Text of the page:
Love Languages

How do you know your kids love you? How do you know that when your kids show you love, you show them love? Let’s talk about Dr. Gary Chapman’s “The 5 Love Languages,” acts of service, quality time, touch, gifts, and words of affirmation. Have you already taken the five love languages and know your top two? Mine, personally, are acts of service and words of affirmation. What’s great is when you know your own, but it’s also amazing when you can learn your children. What do love languages give us? It gives us the opportunity to really know what our formula is for receiving love and feeling appreciated. I’ll give you a great example: my husband’s top two are quality time and touch; they are not mine at all. For the longest time in our relationship, of course, when it’s new, it’s all roses and butterflies; there’s nothing going wrong, and all of a sudden you feel loved, and this is your person. What happens when you get deeper into this relationship and you’re like, “Yeah, this is the guy I’m going to spend my life with?” All of a sudden there’s that segment of your relationship where you don’t really feel seen, heard, loved, or anything of the above, and vice versa.

When my husband and I took this test before we got married, we realized what was missing was that we didn’t know each other’s formula. We didn’t know the formula for him to receive love and attention, and he didn’t know mine. One of the things that we do as humans is project that ours is exactly like everybody else’s. Wouldn’t that be great if everybody had an act of service and words of affirmation because everybody would feel loved by me because I love doing things for people? However, that doesn’t happen. My husband is touched, and I realize that when he’s driving, if I just put my hand on his leg, he lights up. He feels that energy from me, and he knows that he is loved by me. When I come home from a trip and my gas is filled up in my car, the sheets are changed on the bed, and he vacuums our room, I’m like, “Oh my god! This guy loves me so much. That’s the gift of knowing your five love languages.

What happens with our children? I will tell you that I’ve asked so many kids that I’ve coached over the years—hundreds of them—how do you know your parents love them? In the beginning of coaching, I got it because they’re my mom and dad; they’re supposed to. Which is probably what I would have said years and years ago. By the end of our coaching or in the middle of our coaching, when we’re really diving deep into the family relationships and building their relationships with their parents, I will say to them again, “So now, how do you know your mom loves you or your dad?” They will say, “They spend time with me, they put their phone down, they play games with me.” In that minute, with that particular client, I knew quality time was that client’s love language. It was his way of receiving love from his parents.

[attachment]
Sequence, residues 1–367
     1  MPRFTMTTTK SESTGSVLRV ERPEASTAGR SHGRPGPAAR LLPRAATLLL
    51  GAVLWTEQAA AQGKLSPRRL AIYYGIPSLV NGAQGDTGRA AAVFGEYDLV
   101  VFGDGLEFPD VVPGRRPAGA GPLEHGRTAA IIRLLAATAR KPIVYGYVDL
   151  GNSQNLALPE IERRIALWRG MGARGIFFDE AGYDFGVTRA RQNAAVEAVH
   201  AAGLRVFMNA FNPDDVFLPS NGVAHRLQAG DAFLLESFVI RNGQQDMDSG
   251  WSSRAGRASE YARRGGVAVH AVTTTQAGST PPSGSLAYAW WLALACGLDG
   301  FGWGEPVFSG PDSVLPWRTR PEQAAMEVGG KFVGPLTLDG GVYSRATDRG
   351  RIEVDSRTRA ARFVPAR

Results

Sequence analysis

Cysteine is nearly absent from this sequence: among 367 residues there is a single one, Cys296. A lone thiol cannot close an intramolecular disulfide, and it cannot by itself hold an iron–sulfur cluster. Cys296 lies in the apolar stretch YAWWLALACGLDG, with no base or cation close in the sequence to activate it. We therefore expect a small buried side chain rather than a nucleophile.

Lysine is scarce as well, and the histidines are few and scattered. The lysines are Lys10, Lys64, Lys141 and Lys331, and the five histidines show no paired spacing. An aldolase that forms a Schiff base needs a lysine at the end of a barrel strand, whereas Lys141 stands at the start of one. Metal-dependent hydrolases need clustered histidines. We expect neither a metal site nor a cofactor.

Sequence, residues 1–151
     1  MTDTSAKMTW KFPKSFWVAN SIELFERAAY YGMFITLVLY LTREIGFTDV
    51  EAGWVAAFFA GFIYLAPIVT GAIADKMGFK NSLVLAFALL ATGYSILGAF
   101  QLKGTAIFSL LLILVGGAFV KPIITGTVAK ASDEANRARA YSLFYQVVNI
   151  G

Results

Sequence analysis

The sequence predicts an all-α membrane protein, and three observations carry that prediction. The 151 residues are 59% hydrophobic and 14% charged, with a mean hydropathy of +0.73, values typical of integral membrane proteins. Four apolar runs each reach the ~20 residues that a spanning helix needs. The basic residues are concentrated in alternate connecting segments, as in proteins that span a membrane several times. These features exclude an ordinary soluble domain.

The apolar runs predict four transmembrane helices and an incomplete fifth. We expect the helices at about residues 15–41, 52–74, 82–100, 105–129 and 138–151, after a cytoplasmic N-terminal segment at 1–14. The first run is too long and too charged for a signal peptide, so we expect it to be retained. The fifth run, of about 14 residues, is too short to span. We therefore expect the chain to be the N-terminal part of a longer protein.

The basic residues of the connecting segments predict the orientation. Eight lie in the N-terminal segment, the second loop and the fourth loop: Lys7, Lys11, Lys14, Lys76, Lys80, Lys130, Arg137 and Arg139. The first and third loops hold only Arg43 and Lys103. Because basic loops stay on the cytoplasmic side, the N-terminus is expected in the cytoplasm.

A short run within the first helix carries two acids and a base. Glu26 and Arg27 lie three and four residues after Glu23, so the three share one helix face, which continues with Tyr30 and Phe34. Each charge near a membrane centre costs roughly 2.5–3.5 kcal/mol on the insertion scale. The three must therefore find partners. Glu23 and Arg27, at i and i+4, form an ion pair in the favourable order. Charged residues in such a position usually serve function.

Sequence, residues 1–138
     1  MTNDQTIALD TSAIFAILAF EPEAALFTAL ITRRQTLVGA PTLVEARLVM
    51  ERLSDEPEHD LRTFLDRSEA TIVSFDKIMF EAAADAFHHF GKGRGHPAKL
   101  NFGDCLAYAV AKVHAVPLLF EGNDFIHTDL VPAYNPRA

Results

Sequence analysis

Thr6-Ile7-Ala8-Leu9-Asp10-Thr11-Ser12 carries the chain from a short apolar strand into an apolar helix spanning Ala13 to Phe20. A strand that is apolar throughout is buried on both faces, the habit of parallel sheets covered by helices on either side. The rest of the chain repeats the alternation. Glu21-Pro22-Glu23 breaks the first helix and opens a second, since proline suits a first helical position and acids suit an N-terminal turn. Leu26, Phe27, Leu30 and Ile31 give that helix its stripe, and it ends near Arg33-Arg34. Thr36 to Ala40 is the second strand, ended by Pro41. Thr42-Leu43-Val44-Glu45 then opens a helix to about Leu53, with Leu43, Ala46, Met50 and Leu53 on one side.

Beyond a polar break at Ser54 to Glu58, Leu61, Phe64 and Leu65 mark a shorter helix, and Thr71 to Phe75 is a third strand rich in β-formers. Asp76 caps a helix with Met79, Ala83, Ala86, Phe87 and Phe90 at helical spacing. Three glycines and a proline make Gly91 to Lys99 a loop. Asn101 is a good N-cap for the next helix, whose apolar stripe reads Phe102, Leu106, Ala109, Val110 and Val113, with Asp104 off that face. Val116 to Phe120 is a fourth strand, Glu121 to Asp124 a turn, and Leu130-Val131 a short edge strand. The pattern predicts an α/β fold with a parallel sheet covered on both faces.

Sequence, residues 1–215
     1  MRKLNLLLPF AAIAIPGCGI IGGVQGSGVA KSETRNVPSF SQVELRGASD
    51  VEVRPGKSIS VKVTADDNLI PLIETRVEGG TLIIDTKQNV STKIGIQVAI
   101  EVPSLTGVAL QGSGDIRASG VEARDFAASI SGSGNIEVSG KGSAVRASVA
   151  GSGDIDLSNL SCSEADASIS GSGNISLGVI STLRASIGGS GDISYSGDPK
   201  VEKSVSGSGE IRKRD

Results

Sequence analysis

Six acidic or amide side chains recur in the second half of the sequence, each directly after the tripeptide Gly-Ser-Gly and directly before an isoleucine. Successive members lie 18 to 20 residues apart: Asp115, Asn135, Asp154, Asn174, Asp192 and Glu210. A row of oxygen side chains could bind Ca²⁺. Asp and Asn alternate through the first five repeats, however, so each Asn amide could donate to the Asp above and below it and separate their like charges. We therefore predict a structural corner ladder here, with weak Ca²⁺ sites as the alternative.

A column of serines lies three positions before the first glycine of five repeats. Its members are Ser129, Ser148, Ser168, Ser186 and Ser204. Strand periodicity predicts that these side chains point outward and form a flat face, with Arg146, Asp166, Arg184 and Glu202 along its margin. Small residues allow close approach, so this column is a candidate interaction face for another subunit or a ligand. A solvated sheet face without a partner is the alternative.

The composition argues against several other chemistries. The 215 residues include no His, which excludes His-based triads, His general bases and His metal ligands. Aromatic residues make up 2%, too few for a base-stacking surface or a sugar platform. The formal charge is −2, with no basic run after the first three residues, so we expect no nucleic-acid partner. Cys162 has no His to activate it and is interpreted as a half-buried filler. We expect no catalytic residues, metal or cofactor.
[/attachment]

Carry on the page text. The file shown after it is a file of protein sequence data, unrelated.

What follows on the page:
If we can understand what our children’s love language is and are able to give it to them, it not only shows them that it’s worth it to love them, but it also shows them that you know them. It shows them you know how to be connected with them. So there is a test that Gary Chapman has created for kids as well. However, if you know the five love languages and just watch how you interact with your children, what lights them up? Is it when you’re cuddling them and holding them? Having just that moment of touch with them makes them feel lit up and loved. Our son loves quality time. It’s, “Will you play this game with me? Will you read with me? Will you go outside and play with me?” It’s quality time.

I have another child who’s older, and he loves to be complimented. He loves to hear what he’s doing right; he loves to hear how proud I am of him; and he loves to hear all the amazing things I see about him. Then, I have another child; he likes gifts. He knows that when I’m out and I buy him something, he lights up. It’s almost like, “Mom remembered me.” We don’t talk all the time, but when I bring him something, he lights up. He loves gifts. There’s no right or wrong love language, but what we need to find out is, for us parents, how are our kids receiving it? What would it mean to you if you were able to know when you asked your children, “How do you know mommy and daddy love you?” and they didn’t just say, “Because you have to. Because you’re my mom?” What if they were able to say, “Because you remember that time that you took that week off and you didn’t get on your phone. We went to Disneyland and we went to all these different places and it was just us. That showed me that you loved me.”

Can you just imagine understanding the depth of the five love languages and how to apply them to your children and your partner? When you two, as a couple, are able to know each other’s formula and share love the way each of them knows how to receive it, can you imagine what that’s going to do to influence your children? Remember, we are their biggest influences, from the time they’re born to the time they’re 12. They’re seeing what we’re doing, they’re hearing what we’re saying, and they’re feeling the energy of what we give to our kids, to our spouses, and to our friends. They soak it up like a sponge. They regurgitate it through themselves to project it back.

Imagine if you took the time; what would they do? How will their unconscious mind pick up on what you need to feel their love? They’re probably, like I said, projecting what you think yours is onto other people, but once you’re able to start showing them what makes you light up and just even tell them, “You know what makes mommy light up? When you put your dishes away, I don’t even have to ask you.” When I told my daughter that, she was so excited not just to show me she loved me but to show me that she was listening, that she did it, and that made her feel so proud of herself.

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